Placemaking: Not the beginning or end of urban revitalization

Hellloooo Detroiters, PPPers and those of you who absolutely, positively did NOT have a piecaken on Thanksgiving...

                  And you thought you were hip because you knew what a Turducken was... 

                  And you thought you were hip because you knew what a Turducken was... 

Quick Blog Post Summary for my busy PPPers:

Placemaking is often discussed as an end result rather than an interim stage of urban revitalization.  I believe that placemaking is often just the middle chapter, not the final chapter, of a three-act urban revitalization play I call "Placework." 

There are three stages of Placework:

  1. Placeholding;
  2. Placemaking; and
  3. Placegrowing.

It is important we distinguish between placeholding, placemaking and placegrowing because:

  1. The intent of the activities in each phase is different,
  2. The strategies and resources we use in each phase are different, and
  3. The doers and funders are also different.  

If you're working on creating an implementable urban revitalization strategy, you must understand what phase you're in to know what strategy will actually work!


Whether it’s the revitalization of a urban commercial storefront or the regeneration of an urban public space, the goal of most urban revitalization efforts is to GROW the place, not just make it.
— Calvin

Why is Placemaking Often Misplaced?  One of the reasons placemaking is often misplaced (*wink*) is that I believe the wrong people are often hired to lead placemaking efforts, particularly when the strategy for placemaking requires more than urban design or planning efforts.  Another reason placemaking is over-described as an endgame is that it is often attributed only to public realm and public space improvements (see the Wikipedia definition of placemaking), rather than more broadly applied to other activities such as transportation decisions or private sector ground floor retail strategies.  Placemaking is the middle game, not the end game -- sort of like the original Star Wars movies (Star Wars, Empire Strikes Back and Return of the Jedi), were actually the middle three movies of the nine-part Star Wars series not the beginning or the end...

                   The Force Awakens (Episode VII) comes out December 18th, 2015 baby!!

                   The Force Awakens (Episode VII) comes out December 18th, 2015 baby!!

Placemaking is often discussed as an end result rather than an interim stage of urban revitalization.  I believe that placemaking is often just the middle chapter, not the final chapter, of a three-act urban revitalization play I call "Placework." 

There are three stages of Placework:

  1. Placeholding;
  2. Placemaking; and
  3. Placegrowing.
                             A mural, by itself, is only placeHOLDING, not placemaking.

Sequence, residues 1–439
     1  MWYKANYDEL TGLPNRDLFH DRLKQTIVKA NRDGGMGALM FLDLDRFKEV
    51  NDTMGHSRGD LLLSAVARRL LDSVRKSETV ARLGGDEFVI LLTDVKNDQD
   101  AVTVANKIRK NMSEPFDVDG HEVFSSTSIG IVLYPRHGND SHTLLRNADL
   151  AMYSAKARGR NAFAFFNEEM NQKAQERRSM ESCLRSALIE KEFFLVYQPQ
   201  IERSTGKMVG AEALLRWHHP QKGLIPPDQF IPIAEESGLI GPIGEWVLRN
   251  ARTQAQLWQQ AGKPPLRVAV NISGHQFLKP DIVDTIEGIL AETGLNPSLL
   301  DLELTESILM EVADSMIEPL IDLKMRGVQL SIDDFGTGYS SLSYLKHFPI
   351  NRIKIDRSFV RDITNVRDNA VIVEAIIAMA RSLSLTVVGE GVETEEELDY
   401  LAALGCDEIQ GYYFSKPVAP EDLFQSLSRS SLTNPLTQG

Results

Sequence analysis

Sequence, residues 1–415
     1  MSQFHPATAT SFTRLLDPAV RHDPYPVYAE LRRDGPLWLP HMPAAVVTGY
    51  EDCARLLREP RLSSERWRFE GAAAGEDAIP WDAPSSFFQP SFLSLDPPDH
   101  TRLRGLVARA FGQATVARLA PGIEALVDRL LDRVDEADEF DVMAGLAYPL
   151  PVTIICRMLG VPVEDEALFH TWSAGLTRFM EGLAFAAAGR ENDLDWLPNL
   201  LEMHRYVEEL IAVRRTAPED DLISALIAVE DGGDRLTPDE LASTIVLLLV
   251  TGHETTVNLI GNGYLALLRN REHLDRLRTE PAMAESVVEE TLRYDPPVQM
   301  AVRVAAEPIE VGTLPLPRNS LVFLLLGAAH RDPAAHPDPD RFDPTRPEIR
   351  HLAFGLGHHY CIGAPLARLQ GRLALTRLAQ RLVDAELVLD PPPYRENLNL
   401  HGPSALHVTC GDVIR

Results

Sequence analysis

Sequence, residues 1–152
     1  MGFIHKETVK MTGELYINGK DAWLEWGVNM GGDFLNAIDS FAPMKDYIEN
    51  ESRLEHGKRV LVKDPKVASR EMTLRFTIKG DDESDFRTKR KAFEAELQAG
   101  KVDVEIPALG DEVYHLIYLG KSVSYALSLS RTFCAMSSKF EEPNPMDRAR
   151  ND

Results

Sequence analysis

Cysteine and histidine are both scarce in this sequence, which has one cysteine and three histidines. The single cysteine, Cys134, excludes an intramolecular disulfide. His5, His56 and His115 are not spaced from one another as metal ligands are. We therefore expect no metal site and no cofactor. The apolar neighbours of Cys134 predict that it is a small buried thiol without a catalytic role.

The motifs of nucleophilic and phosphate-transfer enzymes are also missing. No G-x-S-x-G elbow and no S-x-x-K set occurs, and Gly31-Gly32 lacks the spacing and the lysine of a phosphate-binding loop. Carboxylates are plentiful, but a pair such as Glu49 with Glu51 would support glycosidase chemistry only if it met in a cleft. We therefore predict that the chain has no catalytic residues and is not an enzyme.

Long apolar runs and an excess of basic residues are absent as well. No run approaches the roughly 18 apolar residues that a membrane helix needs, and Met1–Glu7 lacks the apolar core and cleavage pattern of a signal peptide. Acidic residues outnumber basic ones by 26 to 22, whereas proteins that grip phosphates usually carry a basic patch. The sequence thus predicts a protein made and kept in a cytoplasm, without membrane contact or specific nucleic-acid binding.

A mural, by itself, is only placeHOLDING, not placemaking.

         A mural, as part of a larger effort, can go beyond placeholding and be placemaking. 

         A mural, as part of a larger effort, can go beyond placeholding and be placemaking. 

The High Line, right next to this mural, is a public space amenity with great design and pop-up retail.  Its catalytic effects are placeGROWING, not just placemaking. 

The High Line, right next to this mural, is a public space amenity with great design and pop-up retail.  Its catalytic effects are placeGROWING, not just placemaking. 

Why Should We Care? Does it matter what we call it, and which phase we might be in, when trying to catalyze the regeneration of an urban neighborhood?  Whether it's the revitalization of a urban commercial storefront or the regeneration of an urban public space, the goal of most urban revitalization efforts is to grow the place, not just make it.  When you are growing a place you are creating a robust, functioning and self-sustaining marketplace in all sectors - where market-rate housing does not require government subsidy, the public realm benefits newcomers and old-timers and often generates revenues, and the ground-floor retail is self-sufficient and neighborhood-serving.  An equitably developed place that is growing seeks out new residents, customers and users, while also fitting in some of the longstanding folks who were around before the place grew.  

It is important we distinguish between placeholding, placemaking and placegrowing because:

  1. The intent of the activities in each phase is different,
  2. The strategies and resources we use in each phase are different, and
  3. The doers and funders are also different.  

If you're working on creating an implementable urban revitalization strategy, you must understand what phase you're in to know what strategy will actually work!  I'll give some examples and pictures in the next post. But in the meanwhile, what do you think?  Do you have pictures and project examples that show the differences? Let's discuss!

-- Calvin


Posted on November 27, 2015 .